But, someone has to plumb the first one.

Fifth commit: The basics of the Angular.js app

The 5th commit sets up the basics of our Angular.js app.

Here's a little 404 pic for evidence:

It might look a little odd that a 404 Not Found is telling me that I've got that part of the app wired up correctly, but it's because that error page is part of our Angular.js app -- it's not just plain HTML from the server.

Angular.js app

The Angular.js app is set up in two parts

  • app/assets/javascripts/modules/base.coffee

    This declares the Assessory module, and is the first thing we call

  • app/assets/javascripts/modules/app.coffee

    This configures the app and declares the routes, and will usually be the last thing we call (because it's going to be using a few controllers we haven't created yet)

We use require.js to enforce the order in which all the scripts are run, and also to combine and minify the scripts in production so that the browser doesn't have to make so many requests for javascript files.

The rest of this post is gory details about how we're getting Angular.js to render the error page, and how the header at the top is our first Angular directive.

(It's here because I feel I ought to explain what's going on, but the chances are you'll want to skip it for more interesting posts later.)

That 404 page comes from the client

That friendly little fellow with the map (sorry for my poor drawing) is also being rendered by our Angular.js app.

What happens is this: the / route (the home page) is configured to use a template that I haven't written yet. So, Angular.js gets a 404 error when it requests it.

Our app has configured Angular.js that when it has a routing error (such as this), it should set an error variable in $scope.

# Handles route change errors so that the user doesn't just see a blank page
Assessory.angularApp.controller('ErrorController', ['$scope', ($scope) ->
  $scope.$on("$routeChangeError", (event, current, previous, rejection) ->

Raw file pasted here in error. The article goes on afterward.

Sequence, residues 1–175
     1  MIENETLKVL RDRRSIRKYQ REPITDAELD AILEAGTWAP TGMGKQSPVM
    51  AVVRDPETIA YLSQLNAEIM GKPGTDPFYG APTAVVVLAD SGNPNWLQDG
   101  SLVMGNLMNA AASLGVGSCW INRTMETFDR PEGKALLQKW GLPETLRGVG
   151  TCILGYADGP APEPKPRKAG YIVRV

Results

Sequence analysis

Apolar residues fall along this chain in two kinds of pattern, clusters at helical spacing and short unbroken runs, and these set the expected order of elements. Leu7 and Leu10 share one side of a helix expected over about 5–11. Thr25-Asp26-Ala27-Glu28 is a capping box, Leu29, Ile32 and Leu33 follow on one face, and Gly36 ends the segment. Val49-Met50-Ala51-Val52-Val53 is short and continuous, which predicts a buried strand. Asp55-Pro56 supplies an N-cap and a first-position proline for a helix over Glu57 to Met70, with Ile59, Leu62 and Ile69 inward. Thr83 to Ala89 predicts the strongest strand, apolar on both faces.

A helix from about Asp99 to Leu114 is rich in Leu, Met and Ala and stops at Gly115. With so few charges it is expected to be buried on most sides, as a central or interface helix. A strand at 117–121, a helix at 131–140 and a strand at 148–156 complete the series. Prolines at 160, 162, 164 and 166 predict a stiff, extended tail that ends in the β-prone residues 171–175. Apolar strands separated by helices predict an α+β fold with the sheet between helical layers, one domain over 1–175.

$scope.error = rejection
  $scope.$on("$routeChangeSuccess", () ->
    $scope.error = null

$scope is an Angular.js concept -- it contains the data for rendering a fragment of the page. There are usually quite a few scopes, corresponding to different parts that are showing.

The error in this scope (the root scope) causes Angular.js to show the error portion of the main template:

  <div ng-show="error">
    <ng-include src="'client-error-template'"></ng-include>

The client error template is pre-embedded in the first HTML we sent the browser, and includes some switches to change what's shown depending on what the error was.

Site header directive

At the top of the image, you can see a site header. That's our first directive. The template is just a fragment of HTML in views.components.directive_siteHeader.scala.html.

If you look in includeDirectives.scala.html you can see how we use Play's templating to insert the template into the HTML that we initially send the browser -- this means that Angular.js never has to make a request to the server to fetch that template, because we've already provided it.

<!-- Site UI components --> 
<script type="text/ng-template" 

(includeDirectives is in turn embedded into the main HTML in main.scala.html.)

The other side of the directive is the Javascript code that declares it to Angular.js

That is in assets.javascripts.components.SiteHeader.coffee and looks like this

define(["modules/base"], (l) -> 

  Assessory.angularApp.directive("siteHeader", () -> 
      restrict: 'E'
      templateUrl: "directive_siteHeader.html"


Around the outside, we have a require.js call that makes sure modules/base is loaded first. (That's going to create Assessory.angularapp)

And then we create a directive that tells Angular.js to replace <site-header></site-header> with the content of our site header template.

Building an assessment app in two days -- 4th commit.

The fourth commit has been pushed to GitHub.

Starting to set up the client

This sets up the beginnings of the Angular.js / Play app. Though the app doesn't do anything yet.

A quick run-down on its contents:

  • Global.scala

    This contains the application start-up code for Play. At the moment, it has three things to set up:

    • Set up the database, looking in application.conf for connection details (which in turn looks up some environment variables)

    • Set the home action for DataAction

      DataAction is particularly designed for "single page apps" such as this one.

      When the app is running in the client, Angular.js is going to request data in JSON format from the server, and render it appropriately in HTML.

      But at any stage, the user might click "Refresh", in which case the browser will make a request to the server on that URL. And in that case, we don't want to return JSON data, but the HTML and Javascript that will bootstrap our Angular.js app.